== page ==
Tarilee’s Candida Diet Tips – While Away from Home

Tarilee’s Candida Diet Travel Food Tips  By TL Cornish, CNP


candida diet eating out, candida recipes

Here are a few tips to help you with holiday travel season or for snacking when you can’t be at home.


How to Make Sure you Choose Well

It will be easier to choose well when healthy choices are readily available. This is especially helpful if you’ll be around others who are likely to be eating things you don’t want to eat. 

Easy foods to keep in your purse or car include almonds, sunflower seeds, Brazil nuts, pumpkin seeds, rice cakes and gluten free crackers. Try to remember to rotate your stash so it stays fresh.


Restaurant Food Suggestions


Organic Local ‘Foodie’ Restaurants

Look for restaurants that specialize in organic, made from scratch, local or home grown produce, and pasture fed meat/eggs. Raw food restaurants provide some great options as well, although some use a lot of cashews, dates and nutritional yeast so check out the menu first.

Thai food suggestions:

 Veggie stir-fries with fish/meat or tofu (if you can’t be sure if the meat is from a healthy, ethical source). Limit or skip the rice or noodles. You can ask for mung bean sprouts instead of the starch or half and half.

 Pad Thai is usually made with veggies & rice noodles. You can ask them to hold the peanuts and ask for MSG free sauce. Good to ask what kind of oil they cook with to see if there’s an option besides GMO corn, canola or soy oil. Coconut oil would be ideal but less common option. 

 Stir-fries with ‘Bean Thread / Glass noodles” is made from mung bean flour & water.

 Lettuce or rice paper wraps is usually meat & veggies, with lettuce to wrap it up in.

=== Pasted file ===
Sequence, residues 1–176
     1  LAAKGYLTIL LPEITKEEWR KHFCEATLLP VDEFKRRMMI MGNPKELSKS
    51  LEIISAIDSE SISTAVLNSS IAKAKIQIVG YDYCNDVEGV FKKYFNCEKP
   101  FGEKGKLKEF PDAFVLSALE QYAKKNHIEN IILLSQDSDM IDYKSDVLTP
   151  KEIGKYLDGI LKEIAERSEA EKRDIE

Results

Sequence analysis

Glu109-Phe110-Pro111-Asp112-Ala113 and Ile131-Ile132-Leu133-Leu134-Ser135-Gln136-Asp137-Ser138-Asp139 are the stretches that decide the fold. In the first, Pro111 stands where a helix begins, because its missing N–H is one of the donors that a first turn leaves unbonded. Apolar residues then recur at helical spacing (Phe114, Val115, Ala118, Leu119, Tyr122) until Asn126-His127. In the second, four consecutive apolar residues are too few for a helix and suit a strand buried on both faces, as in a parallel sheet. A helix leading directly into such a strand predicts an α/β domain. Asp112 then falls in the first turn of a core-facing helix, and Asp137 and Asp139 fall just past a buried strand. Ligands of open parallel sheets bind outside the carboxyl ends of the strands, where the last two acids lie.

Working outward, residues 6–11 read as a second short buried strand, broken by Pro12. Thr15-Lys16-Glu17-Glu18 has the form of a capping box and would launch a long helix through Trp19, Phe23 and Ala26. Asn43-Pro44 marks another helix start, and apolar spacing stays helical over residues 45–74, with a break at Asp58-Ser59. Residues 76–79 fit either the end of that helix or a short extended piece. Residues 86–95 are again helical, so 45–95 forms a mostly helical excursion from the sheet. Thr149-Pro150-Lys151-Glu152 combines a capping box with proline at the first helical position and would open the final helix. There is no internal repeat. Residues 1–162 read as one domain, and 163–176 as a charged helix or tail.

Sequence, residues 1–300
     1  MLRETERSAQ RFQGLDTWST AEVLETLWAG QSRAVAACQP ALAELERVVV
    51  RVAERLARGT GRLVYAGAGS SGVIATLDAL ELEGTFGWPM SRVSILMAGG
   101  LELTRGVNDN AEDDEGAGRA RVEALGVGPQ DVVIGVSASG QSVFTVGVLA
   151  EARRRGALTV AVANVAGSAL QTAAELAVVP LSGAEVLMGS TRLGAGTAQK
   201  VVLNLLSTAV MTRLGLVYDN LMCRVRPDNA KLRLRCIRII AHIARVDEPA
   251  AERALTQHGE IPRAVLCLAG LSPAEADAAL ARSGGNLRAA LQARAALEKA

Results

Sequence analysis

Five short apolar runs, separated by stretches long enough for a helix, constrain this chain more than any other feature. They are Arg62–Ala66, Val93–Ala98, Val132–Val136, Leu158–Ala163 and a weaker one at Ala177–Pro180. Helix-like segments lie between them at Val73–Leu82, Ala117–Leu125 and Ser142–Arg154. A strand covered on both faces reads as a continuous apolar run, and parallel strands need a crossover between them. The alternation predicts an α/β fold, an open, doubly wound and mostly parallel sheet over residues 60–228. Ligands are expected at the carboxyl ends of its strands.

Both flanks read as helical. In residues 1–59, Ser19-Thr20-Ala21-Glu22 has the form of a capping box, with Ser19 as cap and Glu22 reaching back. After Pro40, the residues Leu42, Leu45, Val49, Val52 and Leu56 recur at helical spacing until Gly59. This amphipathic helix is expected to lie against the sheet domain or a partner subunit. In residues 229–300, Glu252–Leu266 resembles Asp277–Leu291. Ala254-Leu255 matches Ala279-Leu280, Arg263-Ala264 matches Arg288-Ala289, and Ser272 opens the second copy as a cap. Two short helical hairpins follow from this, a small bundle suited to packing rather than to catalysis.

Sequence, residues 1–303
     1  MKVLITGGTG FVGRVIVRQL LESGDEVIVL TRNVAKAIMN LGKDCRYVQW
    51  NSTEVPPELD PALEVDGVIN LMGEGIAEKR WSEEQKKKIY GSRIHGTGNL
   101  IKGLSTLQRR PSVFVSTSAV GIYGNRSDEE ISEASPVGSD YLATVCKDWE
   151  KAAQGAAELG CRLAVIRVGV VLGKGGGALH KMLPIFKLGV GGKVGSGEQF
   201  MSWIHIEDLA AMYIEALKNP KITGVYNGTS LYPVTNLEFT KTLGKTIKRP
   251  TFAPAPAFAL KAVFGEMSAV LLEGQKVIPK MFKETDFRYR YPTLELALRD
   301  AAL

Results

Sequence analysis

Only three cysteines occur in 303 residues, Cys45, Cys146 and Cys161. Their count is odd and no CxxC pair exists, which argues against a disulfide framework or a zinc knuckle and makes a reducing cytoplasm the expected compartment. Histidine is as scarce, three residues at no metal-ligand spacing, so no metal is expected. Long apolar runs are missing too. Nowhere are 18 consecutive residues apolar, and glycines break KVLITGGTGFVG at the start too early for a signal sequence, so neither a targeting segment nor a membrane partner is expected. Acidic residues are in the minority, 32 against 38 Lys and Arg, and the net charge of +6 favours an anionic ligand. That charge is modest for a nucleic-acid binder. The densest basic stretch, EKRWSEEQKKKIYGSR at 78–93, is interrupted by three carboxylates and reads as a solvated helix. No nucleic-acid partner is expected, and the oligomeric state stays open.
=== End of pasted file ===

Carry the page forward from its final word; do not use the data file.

Japanese food suggestions:

 Chicken / salmon teriyaki (with stir fry veggies.

 Veggie sushi roll / cucumber roll / egg roll with wasabi only (or sneak in your own organic/wheat free, GMO free soy sauce).

Mongolian grill style:

 These restaurants may let you pick your own meat & veggies, as well as sauces. Some have fresh garlic, ginger, sesame oil & chili oil which may have fewer undesirable ingredients than the more complicated sauces. Good to ask what types of oil they cook with and pick the least likely to be GMO. Coconut is ideal as it’s also a stable cooking oil.

Indian Meals:

Indian foods offer many veggie based choices and they also have a chickpea flour based crisp bread that is wonderful. Try to avoid the sweetened products, ask about the oils and see if ghee is an option. 

Other restaurant ideas:

Meal-size-salad: Most restaurants have them and may have an option with prawns or chicken or goat cheese. You can just ask for a lemon wedge and olive oil if the dressing has ingredients you would like to avoid.

Grilled chicken or fish can provide a healthier request as an alternative to some deep fried meals. Ask for extra veggies or salad instead of a starchy side dishes. This works great in Greek restaurants.

A simple fish/steak or chicken dish with a side salad or veggies is readily available in many restaurants. It’s good to ask them whether there are any sauces involved and make sure you’re ok with them.

Snacks to go

Some easy to-go snack items, that need minimal planning and preparation:

Cucumber and jicama slices
Celery and carrot sticks
Snap peas / snow peas
Almonds, hazelnuts, pumpkin seeds, macadamias, sunflower seeds (soaked and sprouted and dried or roasted with seasoning)
Organic corn chips / rice chips / rice cakes (ok for occasional use) – with hummus or avocado
Hard boiled eggs and avocado
Salsa and avocado
Bean dips- hummus etc
Refried bean dip – can be frozen in small containers for use as a dip or spread
Brine only dill pickles sliced and dipped in vinegar free salsa or hummus
Veggie soup in a thermos
Cucumbers with sunflower seed butter